By Chris Emma–

(CBS) Amid the madness of March just beginning, with a Wisconsin celebration breaking out for the Badger faithful filling United Center, Tom Izzo had a message for his Michigan State team.

Wisconsin was on its way to a Big Ten Tournament crown on March 15 with the outcome decided, and the Badgers were ready to rejoice. But Izzo put a quick halt to that. There were 3.7 seconds left in overtime, the game well out of reach and his players gassed in the huddle. Izzo called a timeout and heard it from the frustrated red-clad fans.

Booooo!

End it, Izzo!

Booooooooooooo!

Izzo wasn’t doing this to tamper with Wisconsin’s moment. He didn’t have a play to draw up, of course, not with 3.7 seconds left in an 11-point game. Michigan State had its chances to beat Wisconsin and couldn’t pull it off. Defeat was a bitter pill to swallow.

Inside this exhausted huddle, Izzo looked at each Spartan player with a simple message.

“He made us look around,” recalled senior Travis Trice after that game. “Look around the gym, and he wanted us to look at that and remember that feeling. Take that all in. That way, we don’t want to feel that feeling again.”

In typical Tom Izzo fashion, it was the right button to press.

Eight days later, the seventh-seeded Spartans are still alive in the NCAA Tournament. They held off the feisty Georgia Bulldogs in the round of 64, then upended Virginia for the second straight season.

Naturally, the national narrative is of Izzo and his March magic. How does he do it, so many wonder. What’s his secret formula?

“We prepare different than everybody else in the country,” junior guard Denzel Valentine said.

The Spartans opened their season at Navy before 5,699 fans in Annapolis. They barely won, and questions loomed as to whether this Michigan State group could have Sweet 16 success.

It’s an Izzo test.

Facing a hostile environment, Michigan State managed a win against Navy that may as well have been a loss. It was later tested by an overtime loss to Notre Dame and inexplicable defeat from Texas Southern at the Breslin Center, but the Spartans weathered the storm into Big Ten play.

Each practice that followed brought grueling work and reminders of how good the team could be. Izzo pushes, and he pushed for better.

A double-overtime loss to Maryland was another test, as was a near-disaster with Northwestern at home. Izzo sounded off plenty during this time, knowing he had his work cut out to make these Spartans live up to the program’s lofty standards.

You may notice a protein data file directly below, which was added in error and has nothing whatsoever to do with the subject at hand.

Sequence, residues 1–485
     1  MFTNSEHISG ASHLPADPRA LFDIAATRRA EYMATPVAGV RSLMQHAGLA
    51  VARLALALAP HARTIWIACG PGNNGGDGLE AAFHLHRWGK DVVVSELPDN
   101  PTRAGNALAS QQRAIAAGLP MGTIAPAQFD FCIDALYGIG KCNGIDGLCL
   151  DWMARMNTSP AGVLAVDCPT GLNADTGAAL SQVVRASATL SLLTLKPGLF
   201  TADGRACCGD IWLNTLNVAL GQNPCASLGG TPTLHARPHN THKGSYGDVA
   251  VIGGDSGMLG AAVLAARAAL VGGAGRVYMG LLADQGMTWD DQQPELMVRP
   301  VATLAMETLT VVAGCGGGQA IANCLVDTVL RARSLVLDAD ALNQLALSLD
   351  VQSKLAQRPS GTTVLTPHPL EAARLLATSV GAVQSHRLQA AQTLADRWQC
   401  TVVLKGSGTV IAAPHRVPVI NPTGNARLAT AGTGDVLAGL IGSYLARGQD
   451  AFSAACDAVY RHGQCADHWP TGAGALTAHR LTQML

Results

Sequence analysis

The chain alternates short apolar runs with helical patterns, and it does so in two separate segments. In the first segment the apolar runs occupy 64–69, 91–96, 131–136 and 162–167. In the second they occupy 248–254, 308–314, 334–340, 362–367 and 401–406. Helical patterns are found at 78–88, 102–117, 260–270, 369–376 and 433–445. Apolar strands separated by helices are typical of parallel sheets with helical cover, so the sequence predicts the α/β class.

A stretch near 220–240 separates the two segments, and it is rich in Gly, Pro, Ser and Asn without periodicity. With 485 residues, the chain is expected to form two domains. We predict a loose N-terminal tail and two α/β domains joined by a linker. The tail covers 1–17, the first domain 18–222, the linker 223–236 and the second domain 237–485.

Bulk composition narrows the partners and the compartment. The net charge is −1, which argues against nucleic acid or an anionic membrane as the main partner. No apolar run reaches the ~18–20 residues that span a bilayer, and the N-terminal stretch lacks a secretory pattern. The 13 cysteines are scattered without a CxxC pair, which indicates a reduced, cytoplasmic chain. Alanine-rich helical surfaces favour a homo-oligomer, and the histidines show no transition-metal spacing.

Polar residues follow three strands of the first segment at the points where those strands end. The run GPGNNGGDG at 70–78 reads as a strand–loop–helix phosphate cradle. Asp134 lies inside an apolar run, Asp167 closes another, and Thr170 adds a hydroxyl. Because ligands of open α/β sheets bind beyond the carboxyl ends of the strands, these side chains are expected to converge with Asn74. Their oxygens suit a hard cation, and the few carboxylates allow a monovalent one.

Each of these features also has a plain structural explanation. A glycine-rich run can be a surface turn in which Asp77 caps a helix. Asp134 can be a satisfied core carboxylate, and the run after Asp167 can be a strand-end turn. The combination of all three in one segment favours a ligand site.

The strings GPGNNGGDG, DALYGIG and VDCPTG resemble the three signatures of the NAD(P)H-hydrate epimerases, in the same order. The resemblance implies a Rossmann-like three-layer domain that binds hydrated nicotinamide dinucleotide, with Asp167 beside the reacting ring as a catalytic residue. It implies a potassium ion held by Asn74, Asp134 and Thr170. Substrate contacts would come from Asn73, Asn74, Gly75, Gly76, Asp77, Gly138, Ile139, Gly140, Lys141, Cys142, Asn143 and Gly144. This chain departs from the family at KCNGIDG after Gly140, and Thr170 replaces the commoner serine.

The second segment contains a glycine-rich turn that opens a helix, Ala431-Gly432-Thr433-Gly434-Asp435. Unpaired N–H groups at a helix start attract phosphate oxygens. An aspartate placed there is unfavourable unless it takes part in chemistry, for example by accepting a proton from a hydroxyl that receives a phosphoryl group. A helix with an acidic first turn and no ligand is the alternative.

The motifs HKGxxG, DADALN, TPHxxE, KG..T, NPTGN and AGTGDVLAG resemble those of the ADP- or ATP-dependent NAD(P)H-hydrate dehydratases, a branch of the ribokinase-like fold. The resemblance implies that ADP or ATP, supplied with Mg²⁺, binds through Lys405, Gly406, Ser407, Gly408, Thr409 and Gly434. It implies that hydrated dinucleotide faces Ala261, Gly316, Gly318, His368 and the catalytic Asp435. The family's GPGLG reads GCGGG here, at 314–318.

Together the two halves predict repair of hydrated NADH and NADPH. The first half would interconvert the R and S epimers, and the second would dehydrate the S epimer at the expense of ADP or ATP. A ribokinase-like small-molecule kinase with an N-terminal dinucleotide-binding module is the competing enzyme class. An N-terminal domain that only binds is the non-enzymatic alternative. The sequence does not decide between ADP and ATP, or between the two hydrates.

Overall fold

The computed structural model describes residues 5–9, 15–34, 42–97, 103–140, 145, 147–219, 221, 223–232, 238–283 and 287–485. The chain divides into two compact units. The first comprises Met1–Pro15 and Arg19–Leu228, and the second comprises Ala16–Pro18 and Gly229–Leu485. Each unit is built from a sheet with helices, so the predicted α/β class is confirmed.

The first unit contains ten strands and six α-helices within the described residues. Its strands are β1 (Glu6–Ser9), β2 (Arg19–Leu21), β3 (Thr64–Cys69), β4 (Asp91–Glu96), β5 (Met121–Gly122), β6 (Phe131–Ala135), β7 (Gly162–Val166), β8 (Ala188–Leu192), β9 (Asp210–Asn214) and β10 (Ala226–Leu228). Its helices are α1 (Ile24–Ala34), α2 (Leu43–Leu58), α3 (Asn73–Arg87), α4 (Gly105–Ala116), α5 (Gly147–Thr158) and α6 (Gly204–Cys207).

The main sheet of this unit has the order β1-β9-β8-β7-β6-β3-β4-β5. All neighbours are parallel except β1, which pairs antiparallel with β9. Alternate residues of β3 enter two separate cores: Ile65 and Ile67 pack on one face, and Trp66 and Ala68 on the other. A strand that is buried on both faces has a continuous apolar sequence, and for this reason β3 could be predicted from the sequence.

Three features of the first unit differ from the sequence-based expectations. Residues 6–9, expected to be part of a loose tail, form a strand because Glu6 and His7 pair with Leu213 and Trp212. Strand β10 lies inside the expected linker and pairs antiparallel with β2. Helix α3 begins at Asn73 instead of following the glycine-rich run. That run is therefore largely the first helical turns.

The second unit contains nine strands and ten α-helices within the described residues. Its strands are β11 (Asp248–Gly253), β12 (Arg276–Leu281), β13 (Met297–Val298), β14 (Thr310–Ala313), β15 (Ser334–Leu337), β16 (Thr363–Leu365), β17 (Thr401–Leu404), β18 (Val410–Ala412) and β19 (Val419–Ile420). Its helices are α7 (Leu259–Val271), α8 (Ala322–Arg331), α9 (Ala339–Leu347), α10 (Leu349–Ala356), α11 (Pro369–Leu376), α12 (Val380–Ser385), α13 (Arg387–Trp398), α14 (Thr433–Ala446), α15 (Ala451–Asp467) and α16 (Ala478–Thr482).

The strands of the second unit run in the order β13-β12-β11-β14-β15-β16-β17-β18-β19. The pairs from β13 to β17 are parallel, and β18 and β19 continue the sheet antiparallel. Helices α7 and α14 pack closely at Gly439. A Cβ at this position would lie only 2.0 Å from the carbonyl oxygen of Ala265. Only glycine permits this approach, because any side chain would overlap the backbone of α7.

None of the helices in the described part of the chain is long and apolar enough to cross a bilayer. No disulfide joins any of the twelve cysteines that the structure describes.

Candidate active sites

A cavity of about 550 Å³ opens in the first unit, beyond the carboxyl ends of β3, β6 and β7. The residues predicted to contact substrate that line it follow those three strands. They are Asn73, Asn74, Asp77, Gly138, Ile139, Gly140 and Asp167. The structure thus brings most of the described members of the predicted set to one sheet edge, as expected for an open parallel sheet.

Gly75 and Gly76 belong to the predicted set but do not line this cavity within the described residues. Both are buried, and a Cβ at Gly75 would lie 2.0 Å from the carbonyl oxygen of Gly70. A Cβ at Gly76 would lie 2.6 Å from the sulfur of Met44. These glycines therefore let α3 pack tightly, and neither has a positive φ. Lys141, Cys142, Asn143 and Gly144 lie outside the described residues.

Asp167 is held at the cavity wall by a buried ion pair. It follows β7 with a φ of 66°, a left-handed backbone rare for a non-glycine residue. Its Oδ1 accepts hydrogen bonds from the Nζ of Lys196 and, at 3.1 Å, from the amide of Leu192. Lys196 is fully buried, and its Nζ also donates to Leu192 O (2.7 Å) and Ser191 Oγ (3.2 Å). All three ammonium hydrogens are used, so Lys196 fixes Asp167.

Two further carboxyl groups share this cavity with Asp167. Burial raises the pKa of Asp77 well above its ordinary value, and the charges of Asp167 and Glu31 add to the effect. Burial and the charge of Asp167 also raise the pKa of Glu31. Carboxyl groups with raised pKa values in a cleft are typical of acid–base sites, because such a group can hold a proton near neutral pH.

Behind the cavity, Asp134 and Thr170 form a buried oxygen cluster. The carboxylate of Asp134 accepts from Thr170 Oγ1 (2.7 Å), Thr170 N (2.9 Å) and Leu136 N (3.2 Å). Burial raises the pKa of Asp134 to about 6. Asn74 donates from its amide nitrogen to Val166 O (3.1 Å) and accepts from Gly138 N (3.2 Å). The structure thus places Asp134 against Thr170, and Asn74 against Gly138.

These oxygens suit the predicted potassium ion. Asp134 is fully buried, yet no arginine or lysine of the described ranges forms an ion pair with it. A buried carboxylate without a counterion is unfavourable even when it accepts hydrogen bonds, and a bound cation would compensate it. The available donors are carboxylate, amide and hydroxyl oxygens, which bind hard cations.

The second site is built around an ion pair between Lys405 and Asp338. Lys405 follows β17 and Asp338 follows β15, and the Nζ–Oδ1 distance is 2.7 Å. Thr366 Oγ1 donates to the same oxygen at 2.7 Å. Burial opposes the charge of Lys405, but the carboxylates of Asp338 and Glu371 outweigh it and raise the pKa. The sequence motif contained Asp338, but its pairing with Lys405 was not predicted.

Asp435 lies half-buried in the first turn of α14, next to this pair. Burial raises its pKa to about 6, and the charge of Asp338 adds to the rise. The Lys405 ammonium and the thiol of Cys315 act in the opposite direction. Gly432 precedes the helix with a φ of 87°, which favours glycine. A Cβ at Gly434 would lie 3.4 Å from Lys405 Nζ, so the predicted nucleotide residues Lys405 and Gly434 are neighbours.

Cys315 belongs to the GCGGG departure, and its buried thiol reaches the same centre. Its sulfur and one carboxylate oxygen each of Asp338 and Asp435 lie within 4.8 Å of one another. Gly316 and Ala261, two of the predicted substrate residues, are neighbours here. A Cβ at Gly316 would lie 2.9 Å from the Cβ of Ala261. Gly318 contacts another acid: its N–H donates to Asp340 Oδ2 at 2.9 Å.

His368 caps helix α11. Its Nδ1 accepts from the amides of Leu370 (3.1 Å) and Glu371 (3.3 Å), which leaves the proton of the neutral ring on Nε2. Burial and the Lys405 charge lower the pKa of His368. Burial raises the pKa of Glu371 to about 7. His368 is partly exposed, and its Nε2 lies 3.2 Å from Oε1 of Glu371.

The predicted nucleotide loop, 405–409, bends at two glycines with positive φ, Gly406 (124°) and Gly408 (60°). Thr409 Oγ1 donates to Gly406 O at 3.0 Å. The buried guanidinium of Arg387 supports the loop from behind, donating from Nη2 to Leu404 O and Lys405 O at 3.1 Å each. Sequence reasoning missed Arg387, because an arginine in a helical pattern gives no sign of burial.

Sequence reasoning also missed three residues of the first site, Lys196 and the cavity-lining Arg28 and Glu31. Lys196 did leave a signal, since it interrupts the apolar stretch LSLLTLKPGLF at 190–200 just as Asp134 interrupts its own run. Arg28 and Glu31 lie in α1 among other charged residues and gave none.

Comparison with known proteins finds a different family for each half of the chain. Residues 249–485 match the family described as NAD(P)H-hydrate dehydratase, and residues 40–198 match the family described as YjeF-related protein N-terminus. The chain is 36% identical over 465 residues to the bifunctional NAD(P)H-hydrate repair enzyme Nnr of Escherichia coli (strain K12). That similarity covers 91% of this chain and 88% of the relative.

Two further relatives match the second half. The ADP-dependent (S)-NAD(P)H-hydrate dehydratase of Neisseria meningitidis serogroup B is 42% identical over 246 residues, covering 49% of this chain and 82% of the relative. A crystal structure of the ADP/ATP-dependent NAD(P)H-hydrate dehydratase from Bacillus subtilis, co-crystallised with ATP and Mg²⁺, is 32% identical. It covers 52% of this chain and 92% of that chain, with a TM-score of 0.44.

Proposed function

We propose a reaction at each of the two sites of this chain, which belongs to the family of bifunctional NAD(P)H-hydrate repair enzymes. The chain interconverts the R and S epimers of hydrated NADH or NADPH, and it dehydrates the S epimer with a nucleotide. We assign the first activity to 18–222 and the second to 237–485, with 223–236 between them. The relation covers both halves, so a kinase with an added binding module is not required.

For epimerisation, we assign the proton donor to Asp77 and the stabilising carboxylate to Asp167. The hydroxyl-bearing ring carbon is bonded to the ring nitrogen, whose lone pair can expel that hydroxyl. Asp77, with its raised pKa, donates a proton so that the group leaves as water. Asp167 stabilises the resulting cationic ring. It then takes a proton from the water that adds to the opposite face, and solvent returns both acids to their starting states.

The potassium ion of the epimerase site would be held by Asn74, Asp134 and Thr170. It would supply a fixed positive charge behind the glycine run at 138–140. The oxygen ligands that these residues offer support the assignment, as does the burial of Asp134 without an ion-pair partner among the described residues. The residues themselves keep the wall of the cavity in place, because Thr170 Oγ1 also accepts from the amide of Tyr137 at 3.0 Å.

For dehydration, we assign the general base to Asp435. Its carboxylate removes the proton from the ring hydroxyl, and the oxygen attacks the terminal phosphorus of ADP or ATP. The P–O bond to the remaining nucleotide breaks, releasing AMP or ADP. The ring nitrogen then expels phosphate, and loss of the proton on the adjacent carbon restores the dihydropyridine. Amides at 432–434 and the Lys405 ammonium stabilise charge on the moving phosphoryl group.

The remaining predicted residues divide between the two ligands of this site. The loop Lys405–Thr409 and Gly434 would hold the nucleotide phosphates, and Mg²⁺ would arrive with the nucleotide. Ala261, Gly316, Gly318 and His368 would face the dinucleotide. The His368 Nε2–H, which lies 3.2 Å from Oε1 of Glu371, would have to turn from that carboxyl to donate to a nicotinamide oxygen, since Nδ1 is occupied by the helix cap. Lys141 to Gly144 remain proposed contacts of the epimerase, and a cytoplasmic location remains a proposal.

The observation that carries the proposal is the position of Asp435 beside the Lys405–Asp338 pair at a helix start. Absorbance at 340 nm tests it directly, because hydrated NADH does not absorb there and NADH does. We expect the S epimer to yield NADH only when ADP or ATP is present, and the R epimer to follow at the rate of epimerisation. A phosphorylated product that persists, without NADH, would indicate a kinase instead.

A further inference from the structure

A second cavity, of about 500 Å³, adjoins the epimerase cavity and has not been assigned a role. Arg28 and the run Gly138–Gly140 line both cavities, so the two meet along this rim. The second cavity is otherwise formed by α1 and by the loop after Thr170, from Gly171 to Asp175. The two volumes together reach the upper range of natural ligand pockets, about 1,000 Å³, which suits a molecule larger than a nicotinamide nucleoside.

To no surprise, Michigan State began clicking in February, playing better basketball. By March, a long season’s work reveals its results. It’s consistent each year come tournament time, too. Never has a group of Spartans quit on Izzo’s demands.

“We may not have the top-ranked McDonald’s All-Americans, but we work hard, and we’re tough players, too,” Valentine said.

“This is the time where players are made — especially at Michigan State.”

The most important test follows in tournament time, beginning with the Big Ten’s bracket in Chicago. This isn’t an Izzo test, or so he claims. Branden Dawson gets a phone call from Magic Johnson and Draymond Green. Valentine hears from Steve Smith and Mateen Cleaves.

Michigan State’s greats offer up a reminder of the Spartans’ standard — success in the month of March.

“It’s what you expect here,” Izzo said. “The mission is how do you live up to what the players have done before you.”

Added Valentine: “This is where Michigan State basketball has their history, and we want to keep the tradition going. We don’t want to be the ones that let the former players down.”

Committed to smart offense, tenacious defense and — most importantly — Michigan State’s tradition, these Spartans are back in the Sweet 16 for the seventh time in the last eight years. Their journey to this point was difficult, but that’s how Izzo likes it.

Everything Izzo does leading up to March is a test to get the most of his team when the postseason arrives. There’s no magic, as suggested — just a future Hall of Fame coach at work.

Beyond that, more important than Izzo’s tremendous legacy, there’s the support of Magic Johnson and Mateen Cleaves, those who made Michigan State what it has become. The Spartans don’t want to disappoint the greats that came before them.

Michigan State was made for March.

Follow Chris on Twitter @CEmma670.